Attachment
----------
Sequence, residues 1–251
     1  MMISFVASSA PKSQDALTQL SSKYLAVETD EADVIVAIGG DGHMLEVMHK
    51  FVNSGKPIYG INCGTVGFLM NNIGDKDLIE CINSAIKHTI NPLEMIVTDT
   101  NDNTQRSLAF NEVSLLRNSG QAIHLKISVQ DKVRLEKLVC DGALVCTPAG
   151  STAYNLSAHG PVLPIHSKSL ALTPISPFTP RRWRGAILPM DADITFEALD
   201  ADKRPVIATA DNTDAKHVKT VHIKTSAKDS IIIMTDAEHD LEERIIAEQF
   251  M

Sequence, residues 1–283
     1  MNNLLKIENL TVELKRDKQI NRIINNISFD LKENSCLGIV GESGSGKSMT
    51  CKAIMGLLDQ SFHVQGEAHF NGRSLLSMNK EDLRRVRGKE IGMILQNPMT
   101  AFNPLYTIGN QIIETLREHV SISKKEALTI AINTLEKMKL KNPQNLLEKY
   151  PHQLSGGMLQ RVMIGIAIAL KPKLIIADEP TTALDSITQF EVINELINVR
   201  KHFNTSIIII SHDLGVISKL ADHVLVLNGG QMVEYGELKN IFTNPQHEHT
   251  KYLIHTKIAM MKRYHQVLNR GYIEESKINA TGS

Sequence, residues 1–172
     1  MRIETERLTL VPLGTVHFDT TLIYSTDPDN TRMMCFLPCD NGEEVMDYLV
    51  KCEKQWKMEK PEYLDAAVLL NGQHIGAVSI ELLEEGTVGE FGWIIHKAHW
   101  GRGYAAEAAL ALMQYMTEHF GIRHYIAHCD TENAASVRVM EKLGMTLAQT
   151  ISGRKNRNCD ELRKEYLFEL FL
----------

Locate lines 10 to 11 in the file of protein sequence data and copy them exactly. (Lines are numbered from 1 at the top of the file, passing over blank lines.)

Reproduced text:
    51  CKAIMGLLDQ SFHVQGEAHF NGRSLLSMNK EDLRRVRGKE IGMILQNPMT
   101  AFNPLYTIGN QIIETLREHV SISKKEALTI AINTLEKMKL KNPQNLLEKY